Academic Labor Links

I’m way behind on this, but there are a number of academic labor issues of all sorts that I’ve been meaning to mention lately. As always Marc Bousquet’s blog is a great resource for a number of these issues (here’s my review of his book, How the University Works), including news that Ted Kennedy has introduced legislation that would protect workplace rights for graduate employees.

  • First, via Dr. Crazy and New Kid, news of the University of Toledo’s plan to radically revise its curriculum from its current focus on serving as a comprehensive metropolitan university into one focusing exclusively on STEM2 (science, technology, engineering, medicine, and math) fields. New Kid eloquently explains why these changes, which are perfectly consistent with the further corporatization of the university, will harm the university’s historical mission. There’s a petition you can sign to protest the proposed changes in the university’s mission.
  • Via KairosNews, a discussion of an Inside Higher Ed article that reports that the plagiarism website Turnitin.com has essentially offered to pay for positive papers at the Conference on College Composition and Communication, the largest and most influential composition studies conference in the U.S. I’ve never been a fan of Turnitin as a plagiarism deterrent, but the ethics here strike me as incredibly problematic. If Turnitin wants to have their message heard, they should feel free to apply for the conference, but there should also be some disclosure involved that the presenter is being compensated in some way by the company. Rebecca Moore Howard has more to say on this issue.
  • Horace has a discussion of the AAUP report on faculty salaries. While some of the issues described in the report don’t always apply as readily at my university (such as the disparity between the salaries of faculty members and football coaches), the report highlights some of the problems with the increasing corporatization of the university and on the use of adjunct labor (among other problems). But as the title of the report points out, it’s well worth asking where our priorities are when football coaches sometimes make ten times what senior faculty make and when universities across the country increasingly rely upon contingent labor.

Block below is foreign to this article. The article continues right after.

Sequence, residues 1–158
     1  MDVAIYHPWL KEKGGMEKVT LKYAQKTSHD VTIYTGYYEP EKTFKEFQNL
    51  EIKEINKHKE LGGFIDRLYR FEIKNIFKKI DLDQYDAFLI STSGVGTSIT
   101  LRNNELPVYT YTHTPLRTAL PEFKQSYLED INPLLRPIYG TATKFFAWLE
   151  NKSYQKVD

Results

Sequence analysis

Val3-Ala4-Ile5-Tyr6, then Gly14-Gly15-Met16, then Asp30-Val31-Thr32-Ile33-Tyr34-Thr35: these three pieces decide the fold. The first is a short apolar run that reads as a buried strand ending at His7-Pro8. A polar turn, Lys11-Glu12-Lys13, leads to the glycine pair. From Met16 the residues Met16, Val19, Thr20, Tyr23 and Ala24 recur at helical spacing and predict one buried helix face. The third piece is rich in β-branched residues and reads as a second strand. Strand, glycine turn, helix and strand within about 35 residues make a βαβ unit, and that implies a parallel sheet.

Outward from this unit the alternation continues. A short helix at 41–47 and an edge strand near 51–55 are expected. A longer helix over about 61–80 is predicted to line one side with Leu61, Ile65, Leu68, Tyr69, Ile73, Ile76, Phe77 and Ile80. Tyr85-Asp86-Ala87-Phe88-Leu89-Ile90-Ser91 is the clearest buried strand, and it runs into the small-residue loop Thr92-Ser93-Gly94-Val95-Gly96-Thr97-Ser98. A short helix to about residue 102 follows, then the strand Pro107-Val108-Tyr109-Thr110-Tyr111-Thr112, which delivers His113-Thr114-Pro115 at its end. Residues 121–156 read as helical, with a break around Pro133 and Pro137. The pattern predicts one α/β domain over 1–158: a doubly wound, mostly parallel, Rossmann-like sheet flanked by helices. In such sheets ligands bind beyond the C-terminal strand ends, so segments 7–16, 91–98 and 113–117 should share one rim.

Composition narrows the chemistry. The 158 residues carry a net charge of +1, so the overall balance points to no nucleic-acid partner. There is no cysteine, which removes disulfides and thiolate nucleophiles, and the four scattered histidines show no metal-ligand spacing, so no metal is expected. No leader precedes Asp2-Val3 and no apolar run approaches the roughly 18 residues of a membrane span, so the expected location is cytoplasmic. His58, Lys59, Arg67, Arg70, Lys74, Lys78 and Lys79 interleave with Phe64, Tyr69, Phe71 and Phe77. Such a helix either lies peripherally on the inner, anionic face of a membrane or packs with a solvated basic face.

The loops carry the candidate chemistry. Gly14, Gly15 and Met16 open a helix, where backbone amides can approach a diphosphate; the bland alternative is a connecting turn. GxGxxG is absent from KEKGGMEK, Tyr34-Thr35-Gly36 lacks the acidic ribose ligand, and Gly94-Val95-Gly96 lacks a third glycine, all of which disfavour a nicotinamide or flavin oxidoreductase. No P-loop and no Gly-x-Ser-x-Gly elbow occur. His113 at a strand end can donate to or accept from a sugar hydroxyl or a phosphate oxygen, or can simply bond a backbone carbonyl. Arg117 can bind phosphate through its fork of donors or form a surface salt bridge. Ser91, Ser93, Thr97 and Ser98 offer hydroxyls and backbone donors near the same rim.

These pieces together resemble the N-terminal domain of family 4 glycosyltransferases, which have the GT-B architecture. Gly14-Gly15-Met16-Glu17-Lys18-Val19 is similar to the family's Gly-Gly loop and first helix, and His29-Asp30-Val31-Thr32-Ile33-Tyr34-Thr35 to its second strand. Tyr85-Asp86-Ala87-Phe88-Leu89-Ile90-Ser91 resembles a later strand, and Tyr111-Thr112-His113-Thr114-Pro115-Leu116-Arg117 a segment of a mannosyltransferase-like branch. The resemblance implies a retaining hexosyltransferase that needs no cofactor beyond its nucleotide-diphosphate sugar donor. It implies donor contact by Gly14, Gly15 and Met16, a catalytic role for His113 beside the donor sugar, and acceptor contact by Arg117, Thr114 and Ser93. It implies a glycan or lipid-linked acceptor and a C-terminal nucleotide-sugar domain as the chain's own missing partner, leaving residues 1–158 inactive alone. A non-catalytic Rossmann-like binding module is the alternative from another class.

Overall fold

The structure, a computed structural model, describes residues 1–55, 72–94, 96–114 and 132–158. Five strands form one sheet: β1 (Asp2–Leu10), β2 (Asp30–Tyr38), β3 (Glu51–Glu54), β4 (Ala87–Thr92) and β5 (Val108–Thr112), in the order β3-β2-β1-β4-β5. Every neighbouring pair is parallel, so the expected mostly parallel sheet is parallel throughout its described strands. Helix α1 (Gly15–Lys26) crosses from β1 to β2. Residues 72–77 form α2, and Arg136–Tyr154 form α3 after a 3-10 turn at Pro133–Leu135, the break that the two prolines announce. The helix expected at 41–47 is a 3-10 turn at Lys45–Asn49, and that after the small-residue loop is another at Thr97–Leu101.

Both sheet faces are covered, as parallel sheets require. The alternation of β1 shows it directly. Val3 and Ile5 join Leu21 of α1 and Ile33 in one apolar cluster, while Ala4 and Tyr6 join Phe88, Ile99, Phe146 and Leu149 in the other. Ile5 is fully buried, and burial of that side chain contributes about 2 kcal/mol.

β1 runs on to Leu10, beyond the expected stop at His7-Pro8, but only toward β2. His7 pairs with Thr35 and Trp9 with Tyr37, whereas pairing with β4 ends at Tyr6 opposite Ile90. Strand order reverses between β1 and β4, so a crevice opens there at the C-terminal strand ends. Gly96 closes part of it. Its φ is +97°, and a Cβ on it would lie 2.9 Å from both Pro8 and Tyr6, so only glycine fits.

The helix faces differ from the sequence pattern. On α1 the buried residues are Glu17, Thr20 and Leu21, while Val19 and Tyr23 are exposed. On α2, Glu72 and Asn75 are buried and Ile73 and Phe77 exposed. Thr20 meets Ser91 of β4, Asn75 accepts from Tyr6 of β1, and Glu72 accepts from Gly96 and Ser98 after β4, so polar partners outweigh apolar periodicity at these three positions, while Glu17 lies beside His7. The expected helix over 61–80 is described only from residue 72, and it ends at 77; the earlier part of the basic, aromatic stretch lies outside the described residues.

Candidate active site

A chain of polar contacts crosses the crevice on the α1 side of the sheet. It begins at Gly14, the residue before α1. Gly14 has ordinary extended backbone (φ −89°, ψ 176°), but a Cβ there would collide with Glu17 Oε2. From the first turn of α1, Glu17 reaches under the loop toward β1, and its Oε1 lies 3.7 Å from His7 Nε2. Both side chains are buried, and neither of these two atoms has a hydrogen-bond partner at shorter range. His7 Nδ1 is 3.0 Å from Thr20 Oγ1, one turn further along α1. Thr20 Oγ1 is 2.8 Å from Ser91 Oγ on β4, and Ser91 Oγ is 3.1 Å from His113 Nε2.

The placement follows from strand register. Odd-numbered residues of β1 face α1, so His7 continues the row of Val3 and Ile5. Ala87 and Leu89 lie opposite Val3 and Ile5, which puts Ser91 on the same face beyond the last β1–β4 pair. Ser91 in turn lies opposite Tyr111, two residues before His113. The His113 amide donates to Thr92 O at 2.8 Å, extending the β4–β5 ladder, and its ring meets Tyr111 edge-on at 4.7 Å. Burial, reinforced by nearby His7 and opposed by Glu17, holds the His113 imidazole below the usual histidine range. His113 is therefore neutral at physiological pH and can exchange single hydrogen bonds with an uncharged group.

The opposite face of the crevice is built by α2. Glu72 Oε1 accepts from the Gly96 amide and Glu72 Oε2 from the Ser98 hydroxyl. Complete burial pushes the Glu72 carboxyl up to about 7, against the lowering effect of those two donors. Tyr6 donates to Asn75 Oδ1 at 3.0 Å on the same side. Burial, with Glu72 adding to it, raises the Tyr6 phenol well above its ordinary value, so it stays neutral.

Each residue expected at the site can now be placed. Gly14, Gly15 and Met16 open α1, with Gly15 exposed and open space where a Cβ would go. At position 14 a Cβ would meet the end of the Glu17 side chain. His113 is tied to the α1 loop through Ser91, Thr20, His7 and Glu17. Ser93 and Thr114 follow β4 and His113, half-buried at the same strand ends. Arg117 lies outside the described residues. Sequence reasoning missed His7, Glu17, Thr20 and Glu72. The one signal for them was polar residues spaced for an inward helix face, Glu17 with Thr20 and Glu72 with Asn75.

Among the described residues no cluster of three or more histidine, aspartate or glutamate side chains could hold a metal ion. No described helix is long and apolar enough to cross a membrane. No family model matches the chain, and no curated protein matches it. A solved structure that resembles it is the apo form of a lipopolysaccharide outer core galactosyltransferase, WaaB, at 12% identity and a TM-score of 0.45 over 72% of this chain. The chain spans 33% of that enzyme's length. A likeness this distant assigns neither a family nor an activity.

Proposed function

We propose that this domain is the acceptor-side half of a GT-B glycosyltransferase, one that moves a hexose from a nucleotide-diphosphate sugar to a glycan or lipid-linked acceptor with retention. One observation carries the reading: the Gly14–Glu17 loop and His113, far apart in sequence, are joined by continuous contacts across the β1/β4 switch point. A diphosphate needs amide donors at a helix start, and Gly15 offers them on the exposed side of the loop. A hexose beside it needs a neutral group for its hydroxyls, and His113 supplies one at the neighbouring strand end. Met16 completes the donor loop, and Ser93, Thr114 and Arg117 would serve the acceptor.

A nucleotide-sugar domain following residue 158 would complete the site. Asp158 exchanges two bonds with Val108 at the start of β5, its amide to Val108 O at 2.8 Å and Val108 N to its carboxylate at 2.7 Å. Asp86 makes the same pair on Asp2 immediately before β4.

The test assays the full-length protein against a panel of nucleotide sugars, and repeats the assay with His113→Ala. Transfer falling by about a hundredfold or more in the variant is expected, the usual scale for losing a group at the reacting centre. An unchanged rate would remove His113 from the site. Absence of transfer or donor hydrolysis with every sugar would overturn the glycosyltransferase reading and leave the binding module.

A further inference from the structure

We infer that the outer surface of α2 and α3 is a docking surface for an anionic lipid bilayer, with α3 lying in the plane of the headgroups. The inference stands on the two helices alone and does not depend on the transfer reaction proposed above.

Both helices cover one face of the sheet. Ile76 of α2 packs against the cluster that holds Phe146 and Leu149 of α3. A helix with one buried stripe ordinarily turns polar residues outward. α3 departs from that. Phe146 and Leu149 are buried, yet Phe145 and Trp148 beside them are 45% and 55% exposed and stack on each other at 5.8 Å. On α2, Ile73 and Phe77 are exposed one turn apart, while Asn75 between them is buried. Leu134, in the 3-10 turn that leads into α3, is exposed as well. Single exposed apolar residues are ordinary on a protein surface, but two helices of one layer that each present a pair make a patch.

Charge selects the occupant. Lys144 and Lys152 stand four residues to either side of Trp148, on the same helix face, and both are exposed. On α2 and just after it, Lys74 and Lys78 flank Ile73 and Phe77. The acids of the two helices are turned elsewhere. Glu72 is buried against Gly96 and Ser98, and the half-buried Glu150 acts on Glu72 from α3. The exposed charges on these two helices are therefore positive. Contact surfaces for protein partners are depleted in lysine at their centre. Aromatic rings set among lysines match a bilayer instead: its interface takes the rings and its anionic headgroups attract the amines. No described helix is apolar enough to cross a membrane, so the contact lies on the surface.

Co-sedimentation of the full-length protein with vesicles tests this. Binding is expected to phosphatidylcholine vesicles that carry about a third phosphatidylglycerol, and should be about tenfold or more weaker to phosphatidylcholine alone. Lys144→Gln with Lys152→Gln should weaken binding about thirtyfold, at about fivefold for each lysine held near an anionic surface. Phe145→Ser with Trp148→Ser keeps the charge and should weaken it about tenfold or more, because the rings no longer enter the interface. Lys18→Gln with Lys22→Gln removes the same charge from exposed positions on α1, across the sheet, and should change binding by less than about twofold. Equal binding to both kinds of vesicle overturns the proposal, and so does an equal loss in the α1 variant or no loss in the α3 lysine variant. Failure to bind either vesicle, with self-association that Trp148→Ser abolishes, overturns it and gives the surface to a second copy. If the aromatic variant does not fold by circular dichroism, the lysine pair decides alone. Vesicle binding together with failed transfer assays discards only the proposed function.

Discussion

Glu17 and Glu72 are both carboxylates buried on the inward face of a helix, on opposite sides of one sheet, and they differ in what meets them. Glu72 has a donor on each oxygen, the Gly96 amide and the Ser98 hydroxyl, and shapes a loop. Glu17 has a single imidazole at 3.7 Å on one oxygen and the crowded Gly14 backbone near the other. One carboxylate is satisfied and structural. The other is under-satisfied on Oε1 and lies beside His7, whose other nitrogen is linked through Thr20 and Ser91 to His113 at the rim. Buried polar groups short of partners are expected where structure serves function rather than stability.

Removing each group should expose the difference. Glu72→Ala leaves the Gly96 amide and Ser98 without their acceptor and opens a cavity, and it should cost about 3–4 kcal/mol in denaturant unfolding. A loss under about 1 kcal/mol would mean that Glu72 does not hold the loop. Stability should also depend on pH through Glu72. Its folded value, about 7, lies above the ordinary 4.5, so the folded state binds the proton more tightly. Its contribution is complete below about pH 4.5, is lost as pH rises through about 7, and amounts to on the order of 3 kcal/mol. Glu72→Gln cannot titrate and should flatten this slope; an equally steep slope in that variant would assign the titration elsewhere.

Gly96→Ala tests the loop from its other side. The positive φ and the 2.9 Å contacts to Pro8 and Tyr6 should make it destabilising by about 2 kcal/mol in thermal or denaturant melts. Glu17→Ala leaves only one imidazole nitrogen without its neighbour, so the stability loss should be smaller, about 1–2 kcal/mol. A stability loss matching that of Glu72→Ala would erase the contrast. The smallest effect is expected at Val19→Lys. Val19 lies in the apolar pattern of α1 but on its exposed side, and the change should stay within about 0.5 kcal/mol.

• Finally, news that Wendy Gonaver, a professor of American studies, was fired from her position at Cal State Fullerton when she refused to sign the state’s loyalty oath because of her religious beliefs. Gonaver, who is a Quaker, felt that her pacifism conflicted with the militaristic language of the oath, which originated in the anti-Communist witch hunts of the 1950s.

Update: Shahar Ozeri has a thoughtful discussion of the University of Toledo issue, correctly pointing out that it’s not exactly the shift to a STEM2 curriculum that’s the issue but the fact that the university’s president did not consult the faculty senate and the fact that the new curriculum seems to have a very narrow definition of “education,” instead treating it essentially as a kind of career training.

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